Environmental statutes impacting the fertilizer industry include the Clean Air Act, the Clean Water Act, the Resource Conservation and Recovery Act and Toxic Substances Control Act. Additionally, legislative, regulatory and non-governmental organization (NGO) activities, including legal action pertaining to nutrients in the environment, revisions to the Chesapeake Bay Total Maximum Daily Load (TMDL) and the development of numeric nutrient criteria in Florida and other states have already begun to impact the industry and its farmer customers. In Florida, EPA, partially in response to an environmental litigant’s lawsuit, has taken over the development of numeric nutrient criteria (NNC). Additionally, EPA is developing TMDL and new regulatory strategies for addressing nutrients and sediments in the Chesapeake Bay.
Environmental Concerns in Fertilizer Manufacturing
In order to remain sustainable, fertilizer production and use must take place in the most environmentally sensitive manner possible. Protecting air and water quality and water quantity during the production of fertilizers is of the utmost concern to the industry. In response to air quality concerns at local and national levels, fertilizer manufacturers implement a number of environmental management systems to control air emissions of concern including emissions of nitrogen oxides (NOX), sulfur oxides (SOX), particulate matter and ammonia (NH3). Similarly, fertilizer manufacturers employ practices that protect water quality and to minimize the quantity of water use in the fertilizer production process.
Environmental Concerns in Fertilizer Retailing
Fertilizer retailers often custom blend fertilizers for their farmer’s crop and soil specific needs. Retailers pay particular attention to minimizing the potential for spills or other product losses at loading and unloading sites, conveyer belts, mixing areas, material holding areas and storage tanks. Best management practices often involve ensuring that facilities are well lit, well laid out and easy to navigate, making sure that workers are properly trained in handling fertilizers and bulk blending equipment. Retail facilities have secondary containment structures – usually concrete surfaces surrounded by berms or dikes so that a product spill or stormwater is unable to escape. In addition, retailers train their employees in spill mitigation and cleanup procedures.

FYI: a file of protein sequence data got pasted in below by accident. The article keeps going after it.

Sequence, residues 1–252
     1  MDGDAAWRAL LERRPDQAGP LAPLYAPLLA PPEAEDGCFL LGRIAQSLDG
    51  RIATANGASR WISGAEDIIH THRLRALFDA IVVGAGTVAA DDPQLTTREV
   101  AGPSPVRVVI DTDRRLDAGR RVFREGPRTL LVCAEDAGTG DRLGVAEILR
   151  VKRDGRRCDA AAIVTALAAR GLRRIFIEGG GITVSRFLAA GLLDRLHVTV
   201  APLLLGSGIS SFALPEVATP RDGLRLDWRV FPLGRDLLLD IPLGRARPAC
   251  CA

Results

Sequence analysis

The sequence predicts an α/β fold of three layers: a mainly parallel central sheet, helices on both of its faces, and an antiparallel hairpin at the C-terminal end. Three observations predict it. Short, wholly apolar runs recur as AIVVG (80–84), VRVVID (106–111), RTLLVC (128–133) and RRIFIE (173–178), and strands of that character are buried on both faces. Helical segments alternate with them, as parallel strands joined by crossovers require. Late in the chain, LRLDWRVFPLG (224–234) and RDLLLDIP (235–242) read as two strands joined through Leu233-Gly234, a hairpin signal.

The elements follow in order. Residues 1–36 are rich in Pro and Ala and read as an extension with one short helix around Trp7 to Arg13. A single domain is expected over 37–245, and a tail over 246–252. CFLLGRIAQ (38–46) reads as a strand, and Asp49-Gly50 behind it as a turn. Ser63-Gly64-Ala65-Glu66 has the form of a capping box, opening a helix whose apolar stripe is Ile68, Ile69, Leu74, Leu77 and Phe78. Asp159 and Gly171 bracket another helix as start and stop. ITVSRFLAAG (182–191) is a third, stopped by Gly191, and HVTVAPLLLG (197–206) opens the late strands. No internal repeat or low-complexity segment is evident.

Working with Communities and Emergency Responders
The fertilizer industry is committed to minimizing the risk of injury or environmental impact to the communities in which it operates. Manufacturing and retail distribution facilities typically work closely with local law enforcement agencies and emergency response agencies; often participating in drills and simulated incidents with first responder units.